It was held that representations about the proper supply of electricity were not made with contractual intent and there existed no contract at all between the two parties. This case drew a distinction between the statutory undertakers performing their statutory duties and between those acting as contractors.[xxxix]
Pfizer Corporation v. Ministry of Health[xl]
It was held in this case that the supply of drugs or appliances to a member of the public under the National Health Service Scheme, whether by a hospital or a pharmacist was not a sale although a prescription charge was paid in return.
Lord Reid said in this case that –
“There is no sale in this case. Sale is a consensual contract requiring agreement, express or implied. In the present case, there appears to be that there is no need for any agreement. The patient has a statutory right to demand the drug on payment. The hospital has a statutory right to supply such on payment. And if the prescription is presented to a chemist, then he appears to be bound by the contract with the appropriate authority to supply the drug on receipt of such payment. There is no need for an agreement between the patient and either the hospital or the chemist, and there is certainly no room for bargaining.”
Appleby v. Sleep[xli]
There is no possible cause in action in contract as there is deemed to be ‘no contract between patients and the health care profession.’ This was seen in the present case which established that ‘no consideration in return for the services they receive’, meaning there is no consideration on the patient’s behalf to suffice a contractual relationship.[xlii]
In the view of the Indian and English case laws discussed above, it can be seen that while statutory transactions are considered to be sale under Indian Law, the same is not true for English law. Under English Law, such transactions do not fall under the realm of sale transactions as the consensual element is absent in them. The view taken in England is that there is no freedom of consent available to the parties entering into contracts under a statute or an order.
It can very well be thought, in the overzealousness to defend freedom of contract that statutory transactions are coupled with penalties to be imposed on parties in case of non-compliance and the penalties are often in nature of forfeiture of their property. This sanction can thus constitute the threat to detain property to the prejudice of the party concerned with an intention of causing him to enter into an agreement. But such a view if taken will be highly misplaced and contrary to all notions of commonsense.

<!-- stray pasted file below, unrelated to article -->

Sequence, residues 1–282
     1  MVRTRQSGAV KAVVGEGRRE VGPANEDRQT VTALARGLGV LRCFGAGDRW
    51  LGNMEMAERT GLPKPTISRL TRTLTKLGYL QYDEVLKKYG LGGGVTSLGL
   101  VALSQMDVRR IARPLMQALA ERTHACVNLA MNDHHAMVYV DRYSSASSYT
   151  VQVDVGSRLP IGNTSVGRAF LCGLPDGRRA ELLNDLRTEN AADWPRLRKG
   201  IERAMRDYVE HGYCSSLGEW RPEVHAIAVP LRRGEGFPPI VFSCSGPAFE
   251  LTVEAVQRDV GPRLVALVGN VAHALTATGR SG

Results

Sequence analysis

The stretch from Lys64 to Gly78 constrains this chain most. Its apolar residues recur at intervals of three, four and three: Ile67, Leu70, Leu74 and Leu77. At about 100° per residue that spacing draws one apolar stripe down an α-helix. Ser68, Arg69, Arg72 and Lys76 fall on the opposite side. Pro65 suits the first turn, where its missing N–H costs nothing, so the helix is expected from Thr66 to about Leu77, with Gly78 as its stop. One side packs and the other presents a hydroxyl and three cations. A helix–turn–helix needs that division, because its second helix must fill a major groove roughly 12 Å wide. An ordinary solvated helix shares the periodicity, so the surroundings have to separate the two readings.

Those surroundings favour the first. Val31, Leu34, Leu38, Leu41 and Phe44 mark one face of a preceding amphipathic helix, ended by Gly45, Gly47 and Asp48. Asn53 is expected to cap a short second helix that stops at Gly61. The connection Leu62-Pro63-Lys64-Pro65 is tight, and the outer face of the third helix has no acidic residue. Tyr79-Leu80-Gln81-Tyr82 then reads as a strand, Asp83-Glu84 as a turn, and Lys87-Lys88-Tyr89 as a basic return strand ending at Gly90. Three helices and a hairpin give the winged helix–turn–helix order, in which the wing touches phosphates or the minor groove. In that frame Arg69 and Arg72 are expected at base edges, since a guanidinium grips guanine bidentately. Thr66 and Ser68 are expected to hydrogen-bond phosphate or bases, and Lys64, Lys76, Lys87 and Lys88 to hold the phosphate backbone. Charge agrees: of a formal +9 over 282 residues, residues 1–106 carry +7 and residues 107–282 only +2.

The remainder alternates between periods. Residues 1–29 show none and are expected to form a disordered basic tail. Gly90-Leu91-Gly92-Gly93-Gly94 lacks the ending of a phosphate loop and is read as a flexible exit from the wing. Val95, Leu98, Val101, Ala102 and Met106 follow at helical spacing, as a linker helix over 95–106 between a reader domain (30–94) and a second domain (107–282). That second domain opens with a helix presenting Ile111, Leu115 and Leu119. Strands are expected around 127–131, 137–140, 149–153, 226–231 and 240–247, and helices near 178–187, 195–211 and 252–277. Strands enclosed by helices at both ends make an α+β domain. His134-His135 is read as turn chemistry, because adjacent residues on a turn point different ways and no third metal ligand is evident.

Statutory transactions have a nature different from ordinary contracts and can be more appropriately described as ‘contract by law.’ A part of consent in such cases is not individualized separately for each contract, which may conveniently be referred as ‘Consent anterior to contract’, while a part of consent is given while framing such an agreement, implied or express, under command of law; which may conveniently be called ‘Consent concurrent with contract’.
A very pertinent question to ask is if statutory transactions are not considered to be sales, then what is the legal nature of the transactions taking preferably the case of New India Sugar Mills which militates against the view taken here. In that case, it was not a compulsory acquisition of sugar and the court did not describe it to be so. The mills did not make a gift of sugar as price consideration was given by the states. Nor was the transaction a barter or exchange. Except these there is only one legal transaction called ‘sale’ in which property in goods belonging to a person A passes to another person B for a price. Benjamin on Sale of Goods also describes sale as transfer of the ownership of a thing from one person to another for a money price.
The issue whether the statutory transactions are sale is pertinent for the purpose of taxing them under the Sales Tax legislations and also for determining the mutual obligation of the buyer and sellers which apply only when the transaction is a sale. The Sale of Goods Act, 1930 will apply to such transaction if they are contractual and the parties can claim the remedies provided under the Act.
In conclusion, it is submitted that a transaction where one of the parties is compelled by law to transfer property in goods to the other party is still a sale, contractual in nature and hence governed by the Sale of Goods Act, 1930. The compulsion is in form of regulation and statutory sales retain their basic character as ‘sales’ though concluded in a narrow bargaining field available to the parties. The characterization of statutory transactions as consensual contractual arrangements reflects the growth of a novel jurisprudence of contract by law distinct from the ordinary contracts by consent of parties, as understood throughout the legal history.